Actually console design is starting to look far more like a general computer design than it did a couple generations ago. The architectures are more similar, the programming techniques are too. All a console is these days is basically a memory-strapped computer running a specialized, stripped down, fairly lean OS (and yes, the xbox uses an NT kernel).

On the plus side there are more resources than on the same hardware in a general computer to devote to gaming. On the minus side, a computer would have *far* more resources.

Quote:
A 3D gamin console can be had for a few hundred, it would take a few thousand for a good gamin PC even close to a console in performance. This means more people can afford a 3D gamin device, thus more games.

Bull. My "gaming" machine is a first gen core duo machine with a geforce 7 series card in it (dont generally game on my MP, though I do sometimes, it has a bigger screen hooked up :-p). Works fine for my needs, but if I wanted to I could pick up a pc for a few hundred with a modern graphics card that would blow it, and any current gen console, away.

You should remember one thing though, a computer *is* often pushing more pixels at a far higher res screen, that increases workload and decreases performance, whereas a console is usually hooked up to a tv at a max currently of 1080p resolution.

I know I probably just got trolled....
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also a lot of other systems :-p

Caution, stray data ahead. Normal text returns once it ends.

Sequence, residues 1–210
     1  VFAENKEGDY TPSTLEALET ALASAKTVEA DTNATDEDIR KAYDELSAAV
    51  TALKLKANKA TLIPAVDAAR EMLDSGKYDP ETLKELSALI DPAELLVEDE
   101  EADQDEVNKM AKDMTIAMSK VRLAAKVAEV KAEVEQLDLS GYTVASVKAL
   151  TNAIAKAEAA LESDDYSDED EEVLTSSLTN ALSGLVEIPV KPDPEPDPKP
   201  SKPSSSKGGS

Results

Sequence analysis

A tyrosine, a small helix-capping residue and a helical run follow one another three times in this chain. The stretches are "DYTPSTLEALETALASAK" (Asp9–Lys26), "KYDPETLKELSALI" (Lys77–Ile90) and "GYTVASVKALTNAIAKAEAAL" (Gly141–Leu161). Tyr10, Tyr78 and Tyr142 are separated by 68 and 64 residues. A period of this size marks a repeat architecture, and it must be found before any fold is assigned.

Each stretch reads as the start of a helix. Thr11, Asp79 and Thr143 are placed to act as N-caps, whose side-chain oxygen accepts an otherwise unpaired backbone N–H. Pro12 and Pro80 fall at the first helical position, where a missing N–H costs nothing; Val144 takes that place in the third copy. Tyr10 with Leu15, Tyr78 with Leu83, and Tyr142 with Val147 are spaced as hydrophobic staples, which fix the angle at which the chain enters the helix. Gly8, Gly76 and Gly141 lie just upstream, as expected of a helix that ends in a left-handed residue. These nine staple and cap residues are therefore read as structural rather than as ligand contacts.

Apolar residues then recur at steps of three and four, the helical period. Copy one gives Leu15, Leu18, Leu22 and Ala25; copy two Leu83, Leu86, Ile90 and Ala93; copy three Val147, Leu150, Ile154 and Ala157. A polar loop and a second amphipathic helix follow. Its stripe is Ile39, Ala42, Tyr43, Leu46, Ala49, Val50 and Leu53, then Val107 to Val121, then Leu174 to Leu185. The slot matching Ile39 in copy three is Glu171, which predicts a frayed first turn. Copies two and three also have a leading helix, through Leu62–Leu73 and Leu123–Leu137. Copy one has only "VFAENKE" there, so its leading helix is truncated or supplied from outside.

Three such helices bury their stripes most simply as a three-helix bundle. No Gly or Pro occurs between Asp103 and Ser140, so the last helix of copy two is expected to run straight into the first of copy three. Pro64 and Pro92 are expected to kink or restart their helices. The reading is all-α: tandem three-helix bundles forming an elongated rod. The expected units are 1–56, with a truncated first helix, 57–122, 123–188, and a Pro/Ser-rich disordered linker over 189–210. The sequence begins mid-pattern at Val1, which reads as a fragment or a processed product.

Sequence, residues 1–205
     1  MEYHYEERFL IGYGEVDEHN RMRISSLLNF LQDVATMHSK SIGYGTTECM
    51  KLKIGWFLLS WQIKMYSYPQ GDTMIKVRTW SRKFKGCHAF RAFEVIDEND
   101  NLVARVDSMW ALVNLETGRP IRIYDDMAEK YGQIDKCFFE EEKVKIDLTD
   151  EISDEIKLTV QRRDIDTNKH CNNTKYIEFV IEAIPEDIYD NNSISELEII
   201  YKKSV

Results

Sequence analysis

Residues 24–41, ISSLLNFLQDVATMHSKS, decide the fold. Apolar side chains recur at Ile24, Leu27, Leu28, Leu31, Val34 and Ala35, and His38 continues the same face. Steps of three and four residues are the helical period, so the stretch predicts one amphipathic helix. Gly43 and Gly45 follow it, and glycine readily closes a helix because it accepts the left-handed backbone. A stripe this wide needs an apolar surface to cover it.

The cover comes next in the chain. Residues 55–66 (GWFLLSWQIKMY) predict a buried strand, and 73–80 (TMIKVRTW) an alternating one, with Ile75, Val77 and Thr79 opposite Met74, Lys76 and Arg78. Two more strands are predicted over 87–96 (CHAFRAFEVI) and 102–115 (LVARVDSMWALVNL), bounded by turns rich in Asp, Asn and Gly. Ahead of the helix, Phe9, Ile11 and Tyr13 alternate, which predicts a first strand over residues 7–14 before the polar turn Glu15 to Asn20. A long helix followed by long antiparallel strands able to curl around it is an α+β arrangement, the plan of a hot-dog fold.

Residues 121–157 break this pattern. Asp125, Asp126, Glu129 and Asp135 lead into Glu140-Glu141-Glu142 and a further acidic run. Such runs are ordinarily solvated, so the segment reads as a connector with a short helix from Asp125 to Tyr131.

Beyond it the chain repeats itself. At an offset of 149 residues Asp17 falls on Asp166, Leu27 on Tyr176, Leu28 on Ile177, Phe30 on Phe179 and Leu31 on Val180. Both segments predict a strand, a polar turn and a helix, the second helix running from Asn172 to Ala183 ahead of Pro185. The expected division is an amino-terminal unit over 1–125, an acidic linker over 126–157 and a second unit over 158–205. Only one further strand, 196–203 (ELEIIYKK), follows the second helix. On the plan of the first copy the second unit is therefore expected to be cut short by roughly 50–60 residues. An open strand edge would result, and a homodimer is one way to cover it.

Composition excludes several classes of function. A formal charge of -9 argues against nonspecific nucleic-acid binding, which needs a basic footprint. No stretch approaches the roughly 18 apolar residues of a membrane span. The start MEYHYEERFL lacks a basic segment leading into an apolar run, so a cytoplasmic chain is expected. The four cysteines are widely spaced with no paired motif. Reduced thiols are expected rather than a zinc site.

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MBP (15, 2.33, 3GB,10.6/win/lin on 250GB)
MP (3,1 oct 2.8, 10GB. 10.6 on 4x1TB RAID10, Win/Lin on 1x2TB, 2407WFP on 1x5770 + 2xSamsung 910t on 1xGT120)
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post #59 of 70
Quote:
Originally Posted by hezekiahb View Post

Does ATI have any sort of a comparable solution to the NVIDIA system boards?

ATI's integrated graphics are better than Nvidia's. There's just one problem: those ATI IGPs reside in AMD chipsets. They will never work with Intel processors.
post #60 of 70
Had to repost this from another forum. I don't 100% agree with it, but it sums up the situation nicely. Nvidia is in a bit of a pickle. They're not doomed yet, but, in some pickle.

"PR Spinning Merely Clouds That Nvidia is Toast
By burpnrun on 10/9/2009 12:40:26 PM , Rating: 3
Nvidia can spin it anyway they like, but they are out of the new AMD and Intel chipset business. The "suspended" spin is so that their common shares don't tank overnight on the stock exchanges.

They are in the process of getting eaten alive by AMD in the discrete (add-in) graphics card business. The 58xx, 57xx, etc., new products from AMD mean Nvidia can't produce competing chipsets profitably ... a sure way to lose money quickly. But the discrete card business isn't that big anyways, the volumes are in the integrated chipset (with on-board GPU) business. Nvidia is getting eaten alive by both Intel and AMD there too, with both moving to put more of the integrated GPU functionality into the CPU.

Nvidia doesn't make CPUs and VIA's not an option. Shipments of Nvidia's ION can only be measured with an electron microscope. The new Nvidia Fermi chipset is humungously huge, expensive to make and price competitively, and isn't an x86-compatible processor if one want's to look at it that way. There's no software for it. Remember, applications drive adoption (or why else would everyone write for Windows which is pure x86.32&64?).